When the women of Goa begin to reminiscence about the last four and a half decades of Goan history it will be a journey of mixed responses, for the women’s movement has witnessed gains and losses, successes and failures, times of expression and times of being silenced, times of vibrant activity and times of lull and importantly, times of prolonged and vociferous protests against neo-liberal, privatizing and globalizing forces that took the guise of ‘developmental’ after much media hype. For decades the women of Goa have demanded for a gendered perspective and an equal representation in charting the course of the State.
The State of Goa is a tiny speck of land on the west coast of India that was a Portuguese colony up until 1961. Goa was then a pre-industrial economy dominated by agriculture and mining. Post Independence the economy saw a drastic change with the advent of industrialization and the influx of a diverse population coming in from the neighboring States to bolster the massive need for labour.
Historically, the Portuguese have displayed a deep concern for women’s rights and their egalitarian sense has reflected itself in the people of Goa. One can see this in the equal access to education and the resultant freedom to choose a full time profession, the increase in the age of marriage and the Portuguese Uniform Civil Code, later called the Uniform Civil Code which gives the daughter an equal right to her father’s inheritance and property, “as a result the position of women in Goa was better than their counterparts in other parts of the India” writes Fatima Da Silva Gracias, in her book Kaleidoscope of Women in Goa 1510-1961. A decade later however the women of Goa soon found themselves having to fight to retain this very position they had come to believe was inextricable theirs.
In the early 80s the Governments of India and Goa came to realize the tourism potential of the State and as the industry began getting organized and the Governments began to boast of growing foreign exchange returns, the women of Goa began to find themselves as yet another commodity thrown into an attractive ‘holiday package’. Tourism brochures and the carnival became methods to exhibit this ‘exotic’ product. The women of Goa were none to happy and there was a long phase of resistance to this marketing gimmick. The last three decades of tourism which has taken Goa from the destination for backpackers to an international tourist destination has had tremendous impact on the social, economic, political and cultural fabric of the State, And women, as homemakers and as vital contributors to the labour requirements of the tourism industry have experienced its impact on two fronts.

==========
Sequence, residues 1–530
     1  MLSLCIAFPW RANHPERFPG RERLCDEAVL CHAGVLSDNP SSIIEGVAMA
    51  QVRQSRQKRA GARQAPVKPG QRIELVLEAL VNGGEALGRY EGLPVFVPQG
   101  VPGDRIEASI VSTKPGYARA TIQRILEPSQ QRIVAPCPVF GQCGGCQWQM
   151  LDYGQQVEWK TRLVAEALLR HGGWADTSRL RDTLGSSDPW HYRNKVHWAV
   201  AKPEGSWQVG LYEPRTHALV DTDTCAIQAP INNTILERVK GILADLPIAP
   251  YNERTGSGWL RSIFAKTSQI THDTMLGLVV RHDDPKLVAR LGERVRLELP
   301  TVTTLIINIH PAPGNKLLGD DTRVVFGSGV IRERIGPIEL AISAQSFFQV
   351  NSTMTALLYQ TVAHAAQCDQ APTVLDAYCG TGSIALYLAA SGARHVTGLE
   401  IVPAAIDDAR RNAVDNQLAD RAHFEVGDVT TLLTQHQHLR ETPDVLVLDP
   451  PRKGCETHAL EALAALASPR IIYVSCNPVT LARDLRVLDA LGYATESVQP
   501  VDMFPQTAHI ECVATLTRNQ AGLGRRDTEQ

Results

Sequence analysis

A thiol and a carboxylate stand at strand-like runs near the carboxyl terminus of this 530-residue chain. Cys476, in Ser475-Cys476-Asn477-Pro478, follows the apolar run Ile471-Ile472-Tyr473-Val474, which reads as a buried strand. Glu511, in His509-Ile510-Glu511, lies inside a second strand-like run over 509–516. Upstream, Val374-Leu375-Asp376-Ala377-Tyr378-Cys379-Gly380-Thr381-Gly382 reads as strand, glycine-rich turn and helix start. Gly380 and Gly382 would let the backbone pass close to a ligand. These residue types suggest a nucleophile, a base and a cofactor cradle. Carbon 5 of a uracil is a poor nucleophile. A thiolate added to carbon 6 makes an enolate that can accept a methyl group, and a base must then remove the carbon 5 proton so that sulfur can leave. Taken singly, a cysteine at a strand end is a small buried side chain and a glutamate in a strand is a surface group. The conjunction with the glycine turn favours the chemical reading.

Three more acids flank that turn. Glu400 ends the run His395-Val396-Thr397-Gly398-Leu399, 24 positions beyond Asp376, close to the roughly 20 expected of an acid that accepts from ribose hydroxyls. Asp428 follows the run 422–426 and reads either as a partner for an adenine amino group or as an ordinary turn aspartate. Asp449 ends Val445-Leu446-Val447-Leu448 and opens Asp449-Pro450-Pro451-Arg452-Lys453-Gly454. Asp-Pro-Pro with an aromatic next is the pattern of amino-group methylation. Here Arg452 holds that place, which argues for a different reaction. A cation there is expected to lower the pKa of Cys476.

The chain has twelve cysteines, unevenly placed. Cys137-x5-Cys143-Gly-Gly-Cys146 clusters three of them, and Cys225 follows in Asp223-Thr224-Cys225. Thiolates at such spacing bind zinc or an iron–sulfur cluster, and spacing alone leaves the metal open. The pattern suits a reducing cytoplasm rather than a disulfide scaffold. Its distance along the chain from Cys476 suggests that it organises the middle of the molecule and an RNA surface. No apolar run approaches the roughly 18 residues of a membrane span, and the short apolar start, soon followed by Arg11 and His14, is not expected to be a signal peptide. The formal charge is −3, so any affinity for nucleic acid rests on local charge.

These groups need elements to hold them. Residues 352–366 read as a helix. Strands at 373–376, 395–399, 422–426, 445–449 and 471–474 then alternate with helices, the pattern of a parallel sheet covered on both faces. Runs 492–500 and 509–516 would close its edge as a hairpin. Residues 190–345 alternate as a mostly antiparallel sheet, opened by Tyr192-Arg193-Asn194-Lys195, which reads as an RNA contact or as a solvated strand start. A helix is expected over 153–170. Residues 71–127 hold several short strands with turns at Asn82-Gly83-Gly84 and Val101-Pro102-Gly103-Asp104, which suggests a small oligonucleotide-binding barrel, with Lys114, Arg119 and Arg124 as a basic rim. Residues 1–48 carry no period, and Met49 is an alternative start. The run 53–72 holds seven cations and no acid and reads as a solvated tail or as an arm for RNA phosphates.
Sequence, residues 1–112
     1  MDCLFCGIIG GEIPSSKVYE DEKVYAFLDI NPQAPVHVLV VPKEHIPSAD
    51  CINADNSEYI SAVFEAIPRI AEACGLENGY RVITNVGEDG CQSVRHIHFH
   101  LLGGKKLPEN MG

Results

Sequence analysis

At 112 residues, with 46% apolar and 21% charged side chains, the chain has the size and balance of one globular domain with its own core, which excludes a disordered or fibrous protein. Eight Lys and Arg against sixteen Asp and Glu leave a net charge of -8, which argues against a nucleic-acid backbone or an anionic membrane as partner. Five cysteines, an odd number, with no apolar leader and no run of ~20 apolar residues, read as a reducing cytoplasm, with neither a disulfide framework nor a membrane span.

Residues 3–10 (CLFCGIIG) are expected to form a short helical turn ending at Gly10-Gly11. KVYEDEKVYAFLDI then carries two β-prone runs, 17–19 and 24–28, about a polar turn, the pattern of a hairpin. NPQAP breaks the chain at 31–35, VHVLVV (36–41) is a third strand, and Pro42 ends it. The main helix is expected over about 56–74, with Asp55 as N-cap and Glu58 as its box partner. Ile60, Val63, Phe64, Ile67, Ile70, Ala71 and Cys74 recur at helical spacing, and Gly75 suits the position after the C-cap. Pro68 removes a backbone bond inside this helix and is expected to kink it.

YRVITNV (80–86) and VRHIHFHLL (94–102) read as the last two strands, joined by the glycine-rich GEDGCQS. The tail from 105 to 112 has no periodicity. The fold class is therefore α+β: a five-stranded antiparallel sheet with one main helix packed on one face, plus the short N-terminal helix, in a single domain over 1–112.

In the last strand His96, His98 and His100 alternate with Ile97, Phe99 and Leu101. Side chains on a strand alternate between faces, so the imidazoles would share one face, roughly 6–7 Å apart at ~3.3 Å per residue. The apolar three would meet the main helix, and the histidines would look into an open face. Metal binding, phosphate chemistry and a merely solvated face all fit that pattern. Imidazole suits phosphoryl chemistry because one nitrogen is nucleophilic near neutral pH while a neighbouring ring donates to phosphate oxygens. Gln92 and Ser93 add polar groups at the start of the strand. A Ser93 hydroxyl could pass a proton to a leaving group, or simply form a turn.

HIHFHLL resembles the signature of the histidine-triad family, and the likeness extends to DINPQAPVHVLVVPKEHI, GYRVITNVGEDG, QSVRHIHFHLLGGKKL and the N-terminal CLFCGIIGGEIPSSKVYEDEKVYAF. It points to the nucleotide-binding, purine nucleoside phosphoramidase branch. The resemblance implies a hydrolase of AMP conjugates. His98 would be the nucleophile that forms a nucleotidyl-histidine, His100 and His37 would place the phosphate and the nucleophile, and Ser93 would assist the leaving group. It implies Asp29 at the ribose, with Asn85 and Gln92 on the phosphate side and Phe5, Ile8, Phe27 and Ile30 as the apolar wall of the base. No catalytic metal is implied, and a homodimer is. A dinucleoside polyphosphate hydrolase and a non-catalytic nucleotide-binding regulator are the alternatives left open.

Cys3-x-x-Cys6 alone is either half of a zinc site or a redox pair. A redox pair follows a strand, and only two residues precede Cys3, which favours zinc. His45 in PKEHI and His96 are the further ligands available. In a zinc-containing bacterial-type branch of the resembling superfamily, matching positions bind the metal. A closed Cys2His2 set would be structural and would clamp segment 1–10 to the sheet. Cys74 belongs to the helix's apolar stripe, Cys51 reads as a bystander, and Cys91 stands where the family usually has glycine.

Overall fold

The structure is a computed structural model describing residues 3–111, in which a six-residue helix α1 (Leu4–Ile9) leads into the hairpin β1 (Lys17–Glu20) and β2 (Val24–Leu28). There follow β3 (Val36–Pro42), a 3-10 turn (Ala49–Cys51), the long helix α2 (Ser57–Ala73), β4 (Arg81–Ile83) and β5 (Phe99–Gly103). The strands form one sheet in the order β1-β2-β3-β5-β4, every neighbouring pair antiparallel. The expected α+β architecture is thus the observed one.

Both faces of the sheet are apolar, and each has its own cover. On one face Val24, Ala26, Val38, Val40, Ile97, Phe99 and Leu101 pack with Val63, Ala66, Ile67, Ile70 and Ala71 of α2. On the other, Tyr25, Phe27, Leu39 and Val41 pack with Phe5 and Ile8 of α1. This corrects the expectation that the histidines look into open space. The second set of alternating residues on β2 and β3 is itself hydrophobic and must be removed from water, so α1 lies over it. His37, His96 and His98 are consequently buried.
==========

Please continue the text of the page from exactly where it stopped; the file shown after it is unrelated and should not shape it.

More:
The entire decade of the eighties was a time of vibrant protests against the tourism plans of the Government both State and Central as they become willing fronts for the international leisure industry. Women played a frontal role not just on women’s issues like the lewd portrayal of Goan women in tourism brochures and cultural events like the carnival but also on issues like the easy availability and use of drugs, the land grabbing methods of the Government and denying fishermen, toddy tapers and other traditional users of the beach, access to the beaches, environmental degradation, step motherly treatment for the development of infrastructure etc. More recently women’s groups have launched strong protest against the Governments’ move to set up off shore casinos and against the eviction of commercial sex workers from their homes in complete infringement of their human rights and dignity, alcoholism, domestic violence, labour issues etc.
The current situation
Today, Goa has an 82.32 % literacy level and a high Human Development Index, thus making it one of the better-developed States in the country. There is a high public presence of women in the State yet one cannot use this, as an indicator that everything is bright and cushy. Subtly a much too worrisome conflict is boiling, the symptoms of which can be seen through the indirect violence that repeatedly simmers to the fore. Much of this violence is unrecognized and indirect and therefore remains unmitigated.
Thousands of Goan women are employed in the tourism industry, both directly and indirectly. They are the beautiful face of the industry at the front office; they are the little known face of the housekeeping. They are the masseurs at the beauty parlours and those struggle to run their small businesses which may range from pay phones to trinkets. Yet this labour market has an underbelly of dark secrets, of prostitution, escort services and little talked about pornography, to meet the growing demands of sex tourism. Not surprisingly the demands of sex tourism do not attract Goan women alone. It also involves the trafficking of women from the relatively poor states of India like Karnataka, Orissa and Andhra Pradesh. Goa is taken to a new height with the new entrant of foreign women such as the Russians. Numerous sex rackets have been unearthed by the Goan media. When the Government of Maharashtra imposed a ban on dance bars in the State, the girls headed to Goa in numbers sizable enough to enrage local villagers. But few of these cases have been dealt with conclusively. Every case seems to point to the obvious yet potent nexus between the police, politicians and unscrupulous pimps.